Google Chrome Surges Past 9%, Perhaps from Chrome OS Netbooks

Google's Chrome browser jumped to 9.27 percent in November from 8.5 percent in October, which could be a sign that Chrome OS netbooks are being used by Googlers.

Google's Chrome Web browser surged to 9.27 percent market share in November, up from 8.5 percent in October, according to the latest statistics from Net Applications.

The .77 percent gain appeared to come at the expense of Microsoft Internet Explorer, which dropped to 58.41 percent from 59.18 percent a month ago, and Mozilla Firefox, which nudged down a tad to 22.81 percent from 22.83 percent.

Of the major browsers, only Apple's Safari gained share for the month, growing to 5.57 percent from 5.36 percent in October.

But the star of the November browser numbers was Google's Chrome 7. Share for Google's latest build of the OS grew 5.64 percent in November, second in growth only to Firefox 3.6, which saw a 6.09 percent gain between February and March 2010.

The gain in Chrome 7.0 and in Chrome share overall is likely due to the internal use of Chrome Operating System netbooks by Google employees and computer maker partners, such as Acer and Lenovo.

Chrome OS was due this year, but has been pushed back for reasons Google won't discuss with the media.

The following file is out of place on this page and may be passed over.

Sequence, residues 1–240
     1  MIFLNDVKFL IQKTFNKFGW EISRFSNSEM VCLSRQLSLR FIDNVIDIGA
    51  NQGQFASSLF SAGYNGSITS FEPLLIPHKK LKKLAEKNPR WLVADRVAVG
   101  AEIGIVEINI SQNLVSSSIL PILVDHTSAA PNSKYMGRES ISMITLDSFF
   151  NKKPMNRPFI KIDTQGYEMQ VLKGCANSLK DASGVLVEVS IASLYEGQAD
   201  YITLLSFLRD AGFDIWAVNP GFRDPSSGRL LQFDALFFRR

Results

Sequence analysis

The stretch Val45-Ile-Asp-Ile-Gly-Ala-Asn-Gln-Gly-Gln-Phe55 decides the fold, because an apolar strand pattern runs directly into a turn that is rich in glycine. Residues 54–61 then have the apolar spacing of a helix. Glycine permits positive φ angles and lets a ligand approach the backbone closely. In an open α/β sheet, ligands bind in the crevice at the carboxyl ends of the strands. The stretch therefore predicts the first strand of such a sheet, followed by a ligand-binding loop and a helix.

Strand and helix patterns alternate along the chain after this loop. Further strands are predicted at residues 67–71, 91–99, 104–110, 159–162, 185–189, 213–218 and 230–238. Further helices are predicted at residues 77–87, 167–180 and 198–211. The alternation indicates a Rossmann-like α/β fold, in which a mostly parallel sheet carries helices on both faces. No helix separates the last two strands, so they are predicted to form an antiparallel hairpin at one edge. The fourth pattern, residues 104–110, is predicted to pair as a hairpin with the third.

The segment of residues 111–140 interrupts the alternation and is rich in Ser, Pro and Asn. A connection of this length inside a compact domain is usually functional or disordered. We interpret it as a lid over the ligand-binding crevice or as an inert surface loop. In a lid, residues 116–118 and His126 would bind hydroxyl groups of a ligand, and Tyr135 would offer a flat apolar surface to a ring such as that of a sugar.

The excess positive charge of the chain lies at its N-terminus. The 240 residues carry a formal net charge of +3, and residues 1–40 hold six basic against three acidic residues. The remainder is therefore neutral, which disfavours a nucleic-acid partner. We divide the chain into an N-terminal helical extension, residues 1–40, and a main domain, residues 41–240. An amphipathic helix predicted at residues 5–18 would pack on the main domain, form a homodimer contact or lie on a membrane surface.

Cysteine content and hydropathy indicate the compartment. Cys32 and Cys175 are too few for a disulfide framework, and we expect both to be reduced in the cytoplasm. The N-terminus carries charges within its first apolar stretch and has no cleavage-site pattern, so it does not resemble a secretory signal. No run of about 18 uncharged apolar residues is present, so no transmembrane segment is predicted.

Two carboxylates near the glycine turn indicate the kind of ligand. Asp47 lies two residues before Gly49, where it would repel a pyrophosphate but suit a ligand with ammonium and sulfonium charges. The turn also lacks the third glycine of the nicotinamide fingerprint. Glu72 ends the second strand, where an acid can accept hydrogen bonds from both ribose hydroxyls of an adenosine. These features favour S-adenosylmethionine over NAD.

Chrome OS netbooks are unlikely to launch in time for Christmas but could appear early next year, vaulting Chrome's market share even further as the main access point for the machines.

Chrome also received some more exposure from the launch of Google TV, which still runs Chrome 5.0. However, the market share numbers don't bear that out.

Chrome 5.O fell from 2.36 percent share in September, to .26 percent in October, when Google TV launched, to .20 percent in November, the first full month of Google TV's existence on the Logitech Revue and Sony TVs and Blu-ray players.

Google also began running Chrome print ads in November in the Los Angeles Times and other publications.

With increased advertising and awareness, and Chrome OS netbook test flights, there's no reason why Chrome can't hit the 10 percent market in earlier 2011, possibly by the end of January, as eWEEK speculated in April.